Endorphins are powerful, with painkilling and euphoric effects equal to or greater than heroin, but without any undesirable side effects. If chemists could learn to cheaply synthesize endorphins I'm sure that millions of people would want to become addicted to them. Because I make such a point of getting in my workout every day, my husband has accused me of being an endorphin junkie, and he is right! I admit it, I'm really hooked on the feeling of well being I consistently get from any sustained exercise. I defend my addiction staunchly because it is the healthiest addiction I know of.

I have also been accused of carrying exercise to extremes, and I admit to that also. For a few years I trained for Ironman triathlons. I now think doing ironman distances is immoderate and except for a few remarkable individuals with "iron" constitutions, training that hard can only lead to a form of exhaustion that is not health promoting. I have become much more sensible in my "old" age, and in recent years have limited my participation to the Olympic distance triathlons. I was on the Canadian team at the World Championship in 1992, and intend to do it again in 1995. I do not find the Olympic distance exhausting, in fact I think it is great fun and truly exhilarating. I get to see all these wonderful age group competitors from all over the world who look and feel fantastic. It does my soul good to see a group of people aging so gracefully, not buying into the popular notion that old age is inevitably disabling, depressing, and ugly. Sport brings a degree of balance to my life after spending so much time in the presence of the sick. I plan to maintain my athletic activities into old age, barring accident or other unforeseen obstacles to fitness.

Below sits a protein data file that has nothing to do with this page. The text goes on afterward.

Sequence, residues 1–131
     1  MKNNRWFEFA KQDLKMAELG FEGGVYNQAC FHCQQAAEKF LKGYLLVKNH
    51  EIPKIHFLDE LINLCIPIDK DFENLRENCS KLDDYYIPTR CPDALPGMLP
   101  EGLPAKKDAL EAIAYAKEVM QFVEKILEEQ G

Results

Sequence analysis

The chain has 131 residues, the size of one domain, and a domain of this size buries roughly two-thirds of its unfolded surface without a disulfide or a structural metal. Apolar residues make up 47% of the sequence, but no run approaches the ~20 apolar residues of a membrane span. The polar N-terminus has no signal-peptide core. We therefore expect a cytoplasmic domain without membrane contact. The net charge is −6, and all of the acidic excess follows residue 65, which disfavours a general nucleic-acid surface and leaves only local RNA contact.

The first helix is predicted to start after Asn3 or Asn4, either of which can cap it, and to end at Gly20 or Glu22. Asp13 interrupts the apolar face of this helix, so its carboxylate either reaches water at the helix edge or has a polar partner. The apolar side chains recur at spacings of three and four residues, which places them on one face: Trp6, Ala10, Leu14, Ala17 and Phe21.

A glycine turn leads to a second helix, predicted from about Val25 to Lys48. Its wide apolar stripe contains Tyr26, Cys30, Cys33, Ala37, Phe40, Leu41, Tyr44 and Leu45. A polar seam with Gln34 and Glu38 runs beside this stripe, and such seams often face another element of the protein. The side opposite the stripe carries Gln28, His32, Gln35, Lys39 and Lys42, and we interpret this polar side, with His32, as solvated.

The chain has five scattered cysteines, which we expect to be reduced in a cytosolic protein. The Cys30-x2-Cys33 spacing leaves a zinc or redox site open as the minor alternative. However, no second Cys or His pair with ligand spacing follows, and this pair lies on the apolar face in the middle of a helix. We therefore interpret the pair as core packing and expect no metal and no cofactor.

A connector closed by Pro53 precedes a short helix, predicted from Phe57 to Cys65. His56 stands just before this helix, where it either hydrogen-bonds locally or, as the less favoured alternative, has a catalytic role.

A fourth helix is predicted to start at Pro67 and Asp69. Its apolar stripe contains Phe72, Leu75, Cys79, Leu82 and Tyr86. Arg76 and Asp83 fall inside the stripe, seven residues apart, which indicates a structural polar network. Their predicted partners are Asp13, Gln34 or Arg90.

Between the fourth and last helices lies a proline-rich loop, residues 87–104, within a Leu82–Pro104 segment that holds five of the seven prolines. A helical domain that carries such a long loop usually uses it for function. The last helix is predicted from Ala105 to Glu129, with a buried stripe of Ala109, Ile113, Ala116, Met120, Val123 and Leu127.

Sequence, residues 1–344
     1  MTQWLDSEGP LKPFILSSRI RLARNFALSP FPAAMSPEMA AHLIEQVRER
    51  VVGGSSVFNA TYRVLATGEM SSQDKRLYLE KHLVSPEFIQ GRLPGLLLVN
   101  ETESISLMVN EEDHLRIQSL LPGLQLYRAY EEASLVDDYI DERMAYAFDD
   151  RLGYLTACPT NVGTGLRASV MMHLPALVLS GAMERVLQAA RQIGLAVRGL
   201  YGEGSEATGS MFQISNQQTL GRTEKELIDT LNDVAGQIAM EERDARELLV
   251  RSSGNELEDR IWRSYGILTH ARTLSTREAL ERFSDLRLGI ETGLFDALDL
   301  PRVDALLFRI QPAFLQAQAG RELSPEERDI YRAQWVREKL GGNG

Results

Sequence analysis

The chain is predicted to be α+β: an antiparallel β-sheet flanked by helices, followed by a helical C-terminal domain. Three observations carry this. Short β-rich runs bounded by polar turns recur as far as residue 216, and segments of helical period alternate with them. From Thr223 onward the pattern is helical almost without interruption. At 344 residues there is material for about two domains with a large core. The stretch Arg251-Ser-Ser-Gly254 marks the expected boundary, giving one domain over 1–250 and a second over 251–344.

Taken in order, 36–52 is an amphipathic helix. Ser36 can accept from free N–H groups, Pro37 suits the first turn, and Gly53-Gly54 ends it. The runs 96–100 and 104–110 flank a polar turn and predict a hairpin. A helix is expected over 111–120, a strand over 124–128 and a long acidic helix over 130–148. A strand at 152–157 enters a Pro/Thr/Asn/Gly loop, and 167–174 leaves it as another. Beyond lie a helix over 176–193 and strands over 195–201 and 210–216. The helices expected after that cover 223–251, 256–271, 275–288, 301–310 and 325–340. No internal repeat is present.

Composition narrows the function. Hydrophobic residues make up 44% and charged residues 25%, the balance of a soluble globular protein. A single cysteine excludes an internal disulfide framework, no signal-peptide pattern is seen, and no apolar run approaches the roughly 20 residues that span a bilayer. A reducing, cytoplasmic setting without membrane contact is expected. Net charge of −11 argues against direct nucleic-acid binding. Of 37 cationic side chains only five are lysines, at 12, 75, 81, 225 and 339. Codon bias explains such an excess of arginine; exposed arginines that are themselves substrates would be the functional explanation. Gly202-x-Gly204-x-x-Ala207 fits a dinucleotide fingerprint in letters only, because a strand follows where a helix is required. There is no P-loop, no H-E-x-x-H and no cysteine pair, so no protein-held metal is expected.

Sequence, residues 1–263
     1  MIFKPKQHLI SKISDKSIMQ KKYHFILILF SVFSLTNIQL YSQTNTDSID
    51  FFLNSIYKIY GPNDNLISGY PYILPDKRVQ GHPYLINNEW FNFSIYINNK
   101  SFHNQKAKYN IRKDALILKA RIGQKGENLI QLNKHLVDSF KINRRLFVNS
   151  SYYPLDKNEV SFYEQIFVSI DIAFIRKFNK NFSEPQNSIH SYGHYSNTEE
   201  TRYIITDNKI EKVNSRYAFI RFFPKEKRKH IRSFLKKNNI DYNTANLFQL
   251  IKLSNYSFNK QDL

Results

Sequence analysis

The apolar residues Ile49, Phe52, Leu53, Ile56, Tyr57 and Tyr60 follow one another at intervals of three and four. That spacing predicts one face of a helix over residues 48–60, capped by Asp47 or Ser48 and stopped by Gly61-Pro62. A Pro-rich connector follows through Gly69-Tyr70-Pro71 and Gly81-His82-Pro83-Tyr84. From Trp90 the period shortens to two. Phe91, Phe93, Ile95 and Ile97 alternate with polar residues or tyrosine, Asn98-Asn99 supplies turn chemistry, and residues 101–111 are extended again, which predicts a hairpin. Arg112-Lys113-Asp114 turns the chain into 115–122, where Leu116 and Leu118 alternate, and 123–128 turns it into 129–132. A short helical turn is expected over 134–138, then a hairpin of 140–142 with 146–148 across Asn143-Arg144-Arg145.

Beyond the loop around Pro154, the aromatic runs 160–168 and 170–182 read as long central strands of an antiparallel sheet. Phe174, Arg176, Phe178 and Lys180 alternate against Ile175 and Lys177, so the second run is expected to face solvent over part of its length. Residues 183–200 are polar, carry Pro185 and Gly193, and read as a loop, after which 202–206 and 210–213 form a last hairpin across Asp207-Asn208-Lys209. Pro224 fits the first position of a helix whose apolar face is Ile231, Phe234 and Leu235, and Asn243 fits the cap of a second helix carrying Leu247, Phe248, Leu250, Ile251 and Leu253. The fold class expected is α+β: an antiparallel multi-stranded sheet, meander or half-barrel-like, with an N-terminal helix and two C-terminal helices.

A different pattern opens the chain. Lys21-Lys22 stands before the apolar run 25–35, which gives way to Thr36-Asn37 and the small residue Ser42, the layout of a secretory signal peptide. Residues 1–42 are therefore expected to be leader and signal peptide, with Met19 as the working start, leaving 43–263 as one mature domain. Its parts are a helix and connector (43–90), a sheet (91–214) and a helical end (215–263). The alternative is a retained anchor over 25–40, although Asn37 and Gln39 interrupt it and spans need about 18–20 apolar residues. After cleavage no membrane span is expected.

To maintain basic fitness it does not matter so much what form of exercise is chosen, as long as it is not damaging to the skeletal system or connective tissues. Many people are unable to run due to foot, knee, hip, or back problems, but almost everyone can walk. Walking outside is better than inside on a treadmill, and walking hills is better than walking on flat ground. Exercise machines such as stationary bikes, cross country ski machines, and stair steppers work well for a lot of people who live in the city, especially in the winter, or for those who hate exercise. Whatever you choose to do, it is important to at least double the resting pulse for 30 minutes no less than four days a week. This is the absolute minimum required to maintain the health and function of the cardiovascular-pulmonary system. If your resting pulse is 70, you must walk, jog, ski, bike, swim or what have you, fast enough to keep the pulse at 140 beats per minute for at least 30 minutes.

I have a strong preference to exercising outside in isolated places where there is only me and the forest, or only me and the river. Running along logging roads in the hilly back country, or swimming in the green unpolluted water of a forest river is a spiritual experience for me. It is a time to meditate, to commune with nature, and to clear my mind and create new solutions. The repetitive action of running or walking or swimming, along with the regular deep breathing in clean air, with no distractions except what nature provides is truly health promoting. Sharing these activities with friends or family can also be great fun and some of the best in social interactions. It is one of my favorite ways of visiting with people. I don't expect other people to be as enthusiastic about exercise as I am, but I do hope that everyone will make an effort to be minimally fit as an ongoing part of their health program into old age.